WEISS: I don't think there is a distinction. If you say that something should always comply with humanitarian law you are saying that what you're talking about is subject to humanitarian law. Lawyers don't use the world "should" normally. They say that the law applies or doesn't apply. The judges debated for almost six months among themselves. There was enormous pressure. Each nuclear weapon state had a judge on that court - the United States and the United Kingdom, and so on. So I could just imagine the nuclear weapons states saying "We'll buy it if you'll just change 'must' to 'should' - but in fact they didn't buy it. That's another thing the United States likes to do about international law documents. We go in there and badger everybody and beat them down. We say, change this, or change that. And after they are on their knees we say, "Good. Now we're not going to vote for it anyway."
The IJC judges put out this statement: We can't rule on the exceptional circumstance where the survival of the state is at risk. But then elsewhere in the judgment they say that whenever there is a threat or use of weapons, it has to comply with international humanitarian law. Now it can't comply with humanitarian law if it involves the use of nuclear weapons as weapons of mass destruction because weapons of mass destruction, by their very nature, are indiscriminate in their effects. They kill many more civilians than military personnel - and nuclear weapons in particular have the capacity to kill millions at a single blast. There is absolutely no way in which the kind of nuclear weapons that we now have could ever be used in a legal way, following the opinion of 1996. If it leaves open the possibility that there might be a mini-nuke used in the desert somewhere against a military formation that doesn't have any fallout, doesn't have any environmental consequences, doesn't kill any civilians, then we would say, "So what? That's not what we are talking about. We're talking about nuclear weapons in the way that nuclear weapons states intend to use them - namely, as weapons of mass destruction."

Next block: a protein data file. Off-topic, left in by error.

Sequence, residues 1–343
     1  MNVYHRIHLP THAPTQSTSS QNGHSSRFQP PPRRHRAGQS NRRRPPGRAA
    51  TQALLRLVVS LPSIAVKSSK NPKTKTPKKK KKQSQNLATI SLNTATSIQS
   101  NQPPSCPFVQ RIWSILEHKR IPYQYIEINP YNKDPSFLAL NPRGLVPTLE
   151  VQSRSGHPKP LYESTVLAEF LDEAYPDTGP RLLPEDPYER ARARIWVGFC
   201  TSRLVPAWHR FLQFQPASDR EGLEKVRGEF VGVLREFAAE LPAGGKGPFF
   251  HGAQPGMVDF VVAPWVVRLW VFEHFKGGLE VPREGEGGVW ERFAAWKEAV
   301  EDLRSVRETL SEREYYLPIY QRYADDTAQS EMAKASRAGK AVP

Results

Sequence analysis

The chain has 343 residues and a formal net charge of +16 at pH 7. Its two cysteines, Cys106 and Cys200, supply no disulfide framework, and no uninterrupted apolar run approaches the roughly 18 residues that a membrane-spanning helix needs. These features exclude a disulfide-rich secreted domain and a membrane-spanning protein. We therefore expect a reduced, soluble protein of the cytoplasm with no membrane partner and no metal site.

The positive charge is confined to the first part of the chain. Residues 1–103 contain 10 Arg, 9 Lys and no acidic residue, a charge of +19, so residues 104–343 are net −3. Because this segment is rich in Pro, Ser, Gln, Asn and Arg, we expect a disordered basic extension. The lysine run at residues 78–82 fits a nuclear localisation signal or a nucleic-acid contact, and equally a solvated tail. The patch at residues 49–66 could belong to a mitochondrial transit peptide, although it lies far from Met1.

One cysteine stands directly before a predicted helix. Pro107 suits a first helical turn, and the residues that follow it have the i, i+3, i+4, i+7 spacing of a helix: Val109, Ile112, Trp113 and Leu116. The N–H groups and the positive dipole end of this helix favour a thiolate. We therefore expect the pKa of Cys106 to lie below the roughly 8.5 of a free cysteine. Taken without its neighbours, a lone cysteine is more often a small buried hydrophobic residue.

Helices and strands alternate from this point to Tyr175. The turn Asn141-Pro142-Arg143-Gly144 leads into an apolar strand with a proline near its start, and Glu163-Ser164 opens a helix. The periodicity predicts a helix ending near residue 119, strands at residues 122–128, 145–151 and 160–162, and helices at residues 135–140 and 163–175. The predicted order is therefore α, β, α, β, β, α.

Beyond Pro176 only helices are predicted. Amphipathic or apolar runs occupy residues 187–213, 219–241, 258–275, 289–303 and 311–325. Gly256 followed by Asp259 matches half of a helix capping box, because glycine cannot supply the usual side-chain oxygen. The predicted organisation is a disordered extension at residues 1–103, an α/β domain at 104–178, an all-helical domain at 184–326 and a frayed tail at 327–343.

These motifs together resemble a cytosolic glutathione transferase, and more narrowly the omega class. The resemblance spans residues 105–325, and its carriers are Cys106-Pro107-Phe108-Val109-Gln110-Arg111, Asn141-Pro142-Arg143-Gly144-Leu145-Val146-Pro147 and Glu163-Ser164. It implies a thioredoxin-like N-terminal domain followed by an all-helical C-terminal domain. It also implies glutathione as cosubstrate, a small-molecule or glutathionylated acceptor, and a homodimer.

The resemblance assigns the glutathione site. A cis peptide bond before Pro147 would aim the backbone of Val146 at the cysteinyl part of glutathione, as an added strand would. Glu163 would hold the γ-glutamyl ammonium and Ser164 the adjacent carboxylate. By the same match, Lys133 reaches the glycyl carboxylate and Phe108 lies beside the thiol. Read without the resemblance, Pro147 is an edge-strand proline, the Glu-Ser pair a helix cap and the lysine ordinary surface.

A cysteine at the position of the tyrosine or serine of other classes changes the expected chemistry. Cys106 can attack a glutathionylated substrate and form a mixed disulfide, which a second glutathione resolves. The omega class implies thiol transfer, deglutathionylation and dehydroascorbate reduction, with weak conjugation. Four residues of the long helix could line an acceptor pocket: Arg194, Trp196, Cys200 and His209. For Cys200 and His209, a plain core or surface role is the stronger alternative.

You asked about public opinion. Public opinion runs very high on life and death issues. During the Cold War, public opinion ran very high on the fight to the death between capitalism and communism, and the possibility of nuclear war, which people at the time perceived as a real possibility. Millions of people here organized into the Freeze campaign. At this point, foreign policy ranks extremely low in the consciousness of the public, except in the area of globalization - as demonstrated by what happened in Seattle. This is an issue that affects a lot of people. They think of it as affecting their livelihood, security, the future of their children. Very few people are concerned about nuclear weapons. They don't see it as a real threat. The same thing with the rights of children. To the extent that civil society has an influence on the matters that the diplomats carry on, it's done by the NGOs that are concerned - by what politicians call "special interest groups." Like we have a special interest group concerned about the rights of children.
The actual struggle between civil society and the policy-makers is carried on exclusively by civil society organizations dedicated to particular issues. That's not the way it ought to be. What has to happen is two things: There has to be more mobilization in the grass roots. As I said before, that is difficult right now because people's focus is not on security issues, other than economic security. But that has to happen all the time because that, in turn, gets on the transmission belt to members of congress. And the other thing that has to happen is that we have to get the very small number of policymakers who deal with these issues in Washington to really deal with them instead of just mouthing words. That's an easier thing to do but not likely to produce results without the other - without the demonstration that this is important to people.